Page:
onto a landscape view of a waterfall-like curtain of stone (into which a castle on a stone bridge is also shown disappearing), various elements of figurative painting are displayed as if they are abandoned stage-props. Most prominent among these is a backdrop-like board depicting a landscape of trees and shown leaning against one of the walls while partially covered by a crimson curtain reminiscent of the theatre. This representational, landscape-image is perforated with rectangular, picture-like, cut-out windows that reinforce the whole structure’s manifest sense of artifice. Against this theatrical presentation of artificial landscape also rests a square, picture frame. In front of this is a flesh-coloured wooden cube adorned with eyes. Perspective, pictorial illusion, sculpture, painting and even the act of looking itself are all here rendered simultaneously as both artifices and agents of mystery. To the right-hand-side of this impossible, flesh-coloured room rests the image of a wooden plank, cut-out in the shape of a human figure that leans against the right-hand wall. This form is reminiscent of the bilboquets that frequently appeared in Magritte’s art of this period. These biboquets as Magritte called them, were painted images of turned, wooden, bannister-like structures or objects that, in his paintings, both echoed and repeatedly functioned as either strange figures or peculiarly humanized trees. The similar presence here, of this near two dimensional, cut-out, human, plank similarly introduces an uncanny sense of a strangely inanimate human presence into the overt enigma of this scene.
Indeed, the deconstruction of the human figure and in particular the female nude, was another chief preoccupation of Magritte’s at this time and one that was to dominate much of his art throughout the late 1920s. In Le groupe silencieux, in conjunction with his deconstruction of the components of landscape and still-life painting into a de Chirico-like composition depicting a room of objects there is also a sense that the representation of the human figure has also been broken down into strange component parts. With its walls painted in a flesh colour, the human eyes appearing on the flesh-coloured cube and the standing presence of
René Magritte, Les chasseurs au bord de la nuit, 1928. Sold, Christie's, London, 4 February 2014, lot 114 ($10,700,000) the wooden human cut-out, the presence of the human figure pervades the painting in a way that emphasizes its absence. The picture is, in this respect, a work that, like ‘metaphysical’ pictures such as De Chirico’s Le jeu du savant of 1917 or Carlo Carrà’s Solitude of 1917-1926, which Magritte may have known from its appearance in the magazine Valori Plastici, evoke the human presence through humanoid objects such as mannequins and anatomical diagrams.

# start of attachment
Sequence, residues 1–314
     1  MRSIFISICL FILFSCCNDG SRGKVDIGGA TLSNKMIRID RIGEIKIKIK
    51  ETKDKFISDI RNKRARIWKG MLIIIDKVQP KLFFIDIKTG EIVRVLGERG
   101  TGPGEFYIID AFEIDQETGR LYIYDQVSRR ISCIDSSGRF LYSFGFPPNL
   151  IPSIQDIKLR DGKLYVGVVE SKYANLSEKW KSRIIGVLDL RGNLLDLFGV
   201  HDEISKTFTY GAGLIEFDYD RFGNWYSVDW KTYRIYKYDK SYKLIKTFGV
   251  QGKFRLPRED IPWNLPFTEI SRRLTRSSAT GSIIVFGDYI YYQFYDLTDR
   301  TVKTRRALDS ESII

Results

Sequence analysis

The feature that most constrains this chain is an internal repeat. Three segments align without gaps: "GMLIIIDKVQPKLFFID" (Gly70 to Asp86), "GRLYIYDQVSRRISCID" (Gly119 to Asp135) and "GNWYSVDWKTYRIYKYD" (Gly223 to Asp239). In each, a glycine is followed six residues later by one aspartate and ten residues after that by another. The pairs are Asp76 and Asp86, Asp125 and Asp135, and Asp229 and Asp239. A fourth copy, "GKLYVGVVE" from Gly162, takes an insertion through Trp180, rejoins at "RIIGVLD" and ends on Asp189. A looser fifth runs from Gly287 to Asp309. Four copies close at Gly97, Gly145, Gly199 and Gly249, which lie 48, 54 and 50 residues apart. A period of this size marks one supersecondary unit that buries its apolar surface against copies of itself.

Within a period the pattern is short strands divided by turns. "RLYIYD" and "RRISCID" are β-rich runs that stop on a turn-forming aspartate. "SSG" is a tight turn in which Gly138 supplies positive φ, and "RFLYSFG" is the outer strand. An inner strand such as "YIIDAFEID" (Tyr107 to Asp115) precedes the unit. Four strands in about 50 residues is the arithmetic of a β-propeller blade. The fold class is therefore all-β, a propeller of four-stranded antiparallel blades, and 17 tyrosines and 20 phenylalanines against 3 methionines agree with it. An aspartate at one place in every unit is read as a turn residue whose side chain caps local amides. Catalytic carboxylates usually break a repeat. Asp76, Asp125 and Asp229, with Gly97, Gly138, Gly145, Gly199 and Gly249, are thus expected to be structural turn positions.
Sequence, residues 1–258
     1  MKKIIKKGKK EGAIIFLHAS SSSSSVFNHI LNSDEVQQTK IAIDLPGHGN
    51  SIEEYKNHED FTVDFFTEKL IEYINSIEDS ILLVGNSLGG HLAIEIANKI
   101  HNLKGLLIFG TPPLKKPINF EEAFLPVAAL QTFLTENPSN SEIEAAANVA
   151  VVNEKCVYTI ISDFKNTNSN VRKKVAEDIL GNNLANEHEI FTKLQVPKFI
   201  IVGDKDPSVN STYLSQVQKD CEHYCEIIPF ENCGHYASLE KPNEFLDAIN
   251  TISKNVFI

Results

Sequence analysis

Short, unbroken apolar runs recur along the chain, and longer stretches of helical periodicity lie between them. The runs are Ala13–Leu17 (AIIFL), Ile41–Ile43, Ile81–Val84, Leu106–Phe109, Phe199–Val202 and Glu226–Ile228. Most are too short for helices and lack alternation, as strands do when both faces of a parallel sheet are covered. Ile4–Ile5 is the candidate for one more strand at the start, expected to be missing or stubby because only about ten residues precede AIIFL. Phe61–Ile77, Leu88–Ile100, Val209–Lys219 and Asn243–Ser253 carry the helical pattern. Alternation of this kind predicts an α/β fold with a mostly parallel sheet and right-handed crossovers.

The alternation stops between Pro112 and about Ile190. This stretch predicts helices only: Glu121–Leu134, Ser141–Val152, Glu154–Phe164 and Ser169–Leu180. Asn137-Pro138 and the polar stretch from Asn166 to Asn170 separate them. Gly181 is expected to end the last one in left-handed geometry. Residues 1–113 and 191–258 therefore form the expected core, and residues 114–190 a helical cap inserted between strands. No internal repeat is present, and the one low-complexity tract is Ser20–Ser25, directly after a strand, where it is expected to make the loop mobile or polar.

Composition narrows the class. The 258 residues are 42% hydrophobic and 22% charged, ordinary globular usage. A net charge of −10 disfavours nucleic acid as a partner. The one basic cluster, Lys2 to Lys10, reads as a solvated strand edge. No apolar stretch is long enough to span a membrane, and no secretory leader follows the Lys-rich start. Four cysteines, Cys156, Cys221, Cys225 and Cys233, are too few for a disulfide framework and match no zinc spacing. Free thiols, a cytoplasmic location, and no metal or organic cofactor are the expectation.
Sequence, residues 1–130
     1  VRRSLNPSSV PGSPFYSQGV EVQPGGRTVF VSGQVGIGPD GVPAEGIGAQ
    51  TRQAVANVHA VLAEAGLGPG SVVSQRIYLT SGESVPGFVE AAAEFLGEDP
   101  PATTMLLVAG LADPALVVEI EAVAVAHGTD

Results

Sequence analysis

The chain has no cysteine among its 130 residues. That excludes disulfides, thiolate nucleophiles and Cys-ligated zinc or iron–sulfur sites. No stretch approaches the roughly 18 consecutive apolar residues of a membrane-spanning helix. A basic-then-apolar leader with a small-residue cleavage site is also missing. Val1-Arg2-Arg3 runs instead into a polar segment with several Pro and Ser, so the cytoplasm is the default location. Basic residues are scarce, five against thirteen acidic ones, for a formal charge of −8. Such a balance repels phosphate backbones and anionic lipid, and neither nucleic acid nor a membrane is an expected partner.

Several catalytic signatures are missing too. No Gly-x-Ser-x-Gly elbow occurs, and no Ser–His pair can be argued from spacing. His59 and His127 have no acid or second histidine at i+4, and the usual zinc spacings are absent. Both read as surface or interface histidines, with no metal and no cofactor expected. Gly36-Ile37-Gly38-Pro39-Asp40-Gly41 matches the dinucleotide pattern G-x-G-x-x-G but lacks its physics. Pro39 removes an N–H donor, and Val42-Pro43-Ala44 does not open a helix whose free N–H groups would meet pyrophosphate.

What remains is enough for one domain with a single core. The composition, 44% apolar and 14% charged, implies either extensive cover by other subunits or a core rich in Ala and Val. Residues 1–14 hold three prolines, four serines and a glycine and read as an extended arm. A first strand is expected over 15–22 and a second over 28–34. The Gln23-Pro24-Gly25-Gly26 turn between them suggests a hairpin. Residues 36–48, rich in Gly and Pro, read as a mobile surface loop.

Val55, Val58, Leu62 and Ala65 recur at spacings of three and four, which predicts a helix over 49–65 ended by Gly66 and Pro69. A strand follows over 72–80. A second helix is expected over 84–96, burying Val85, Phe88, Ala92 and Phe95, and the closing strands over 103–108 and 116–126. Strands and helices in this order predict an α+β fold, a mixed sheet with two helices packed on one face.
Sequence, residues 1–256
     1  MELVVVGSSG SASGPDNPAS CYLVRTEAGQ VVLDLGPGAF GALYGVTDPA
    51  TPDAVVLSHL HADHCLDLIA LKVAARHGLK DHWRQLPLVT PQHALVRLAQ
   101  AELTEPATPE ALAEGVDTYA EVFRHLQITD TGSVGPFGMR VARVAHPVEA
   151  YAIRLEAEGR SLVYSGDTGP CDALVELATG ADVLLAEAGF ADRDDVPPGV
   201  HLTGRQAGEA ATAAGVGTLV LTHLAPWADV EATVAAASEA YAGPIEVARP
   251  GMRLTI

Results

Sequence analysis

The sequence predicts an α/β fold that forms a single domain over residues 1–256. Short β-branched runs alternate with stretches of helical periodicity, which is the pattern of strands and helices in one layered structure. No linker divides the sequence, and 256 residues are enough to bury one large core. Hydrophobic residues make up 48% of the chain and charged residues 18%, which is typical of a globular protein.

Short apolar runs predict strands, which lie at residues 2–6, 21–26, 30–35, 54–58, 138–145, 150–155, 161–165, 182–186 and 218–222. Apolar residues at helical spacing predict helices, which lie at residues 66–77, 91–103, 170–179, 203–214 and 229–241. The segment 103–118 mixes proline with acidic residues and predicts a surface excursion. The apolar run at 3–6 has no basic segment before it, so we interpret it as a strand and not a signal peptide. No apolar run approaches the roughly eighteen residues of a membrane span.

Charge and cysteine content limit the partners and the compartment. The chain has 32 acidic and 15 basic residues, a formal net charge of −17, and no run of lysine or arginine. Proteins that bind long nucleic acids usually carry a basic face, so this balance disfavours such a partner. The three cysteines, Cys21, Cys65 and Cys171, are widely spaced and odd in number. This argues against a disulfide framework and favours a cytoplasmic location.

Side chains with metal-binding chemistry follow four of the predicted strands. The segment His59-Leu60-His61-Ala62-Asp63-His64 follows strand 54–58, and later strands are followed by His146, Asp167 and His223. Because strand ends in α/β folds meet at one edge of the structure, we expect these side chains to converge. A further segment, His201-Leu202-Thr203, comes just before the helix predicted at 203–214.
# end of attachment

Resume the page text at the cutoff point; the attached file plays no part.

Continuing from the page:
These are paintings that make use of surprising connections and disjunctions between objects and form to provide a visual image of the processes of thought and perception taking place on the picture plane. It is, in essence, a conceptual approach to the way in which a picture is perceived and understood that Magritte, here, in Le groupe silencieux, begins to map out through a poetic deconstructing of pictorial convention.
This painting is, in this respect, therefore, a landmark work that establishes the logic and framework of the aesthetic path that Magritte was to follow for the rest of his life.
‘When our eyes are opened a little, we have to admit that all our actions, emotions, sensations and ideas never escape banality. In becoming known, unknown things become common, even if the “common” is composed of only one person. What all knowledge – intelligent or stupid, rare or widespread, beneficent or maleficent, unusual or familiar, large or small, etc. – has in common is its banality. Love of the unknown is synonymous with love of banality: to know is to find knowledge banal: to act is to discover the banality of feelings and sensations. No association among things ever reveals what it is that unites different things. No one thing ever reveals what makes it appear in the mind. The banality common to all things is a mystery. The mind would assume the responsibility of a machine if the world is understood to be a language of mystery. This responsibility corresponds to no moral or physical code that might be extrapolated from it. Since this responsibility, like everything else, is mysterious, it cannot be defined with any conventional meaning since it is de facto mysterious…Human responsibility is no less mysterious than that of a machine, a stone or anything else. It is in strict compliance with convention to claim to know what we must do or think about the mystery of the past, present, or future. The responsibility we assume is mysterious de jure, although we believe knowledge can enlighten ignorance without ever shedding light on mystery. Mystery is what enlightens knowledge’ (Magritte, Bizarre, no. 111, December, 1955, p. 44).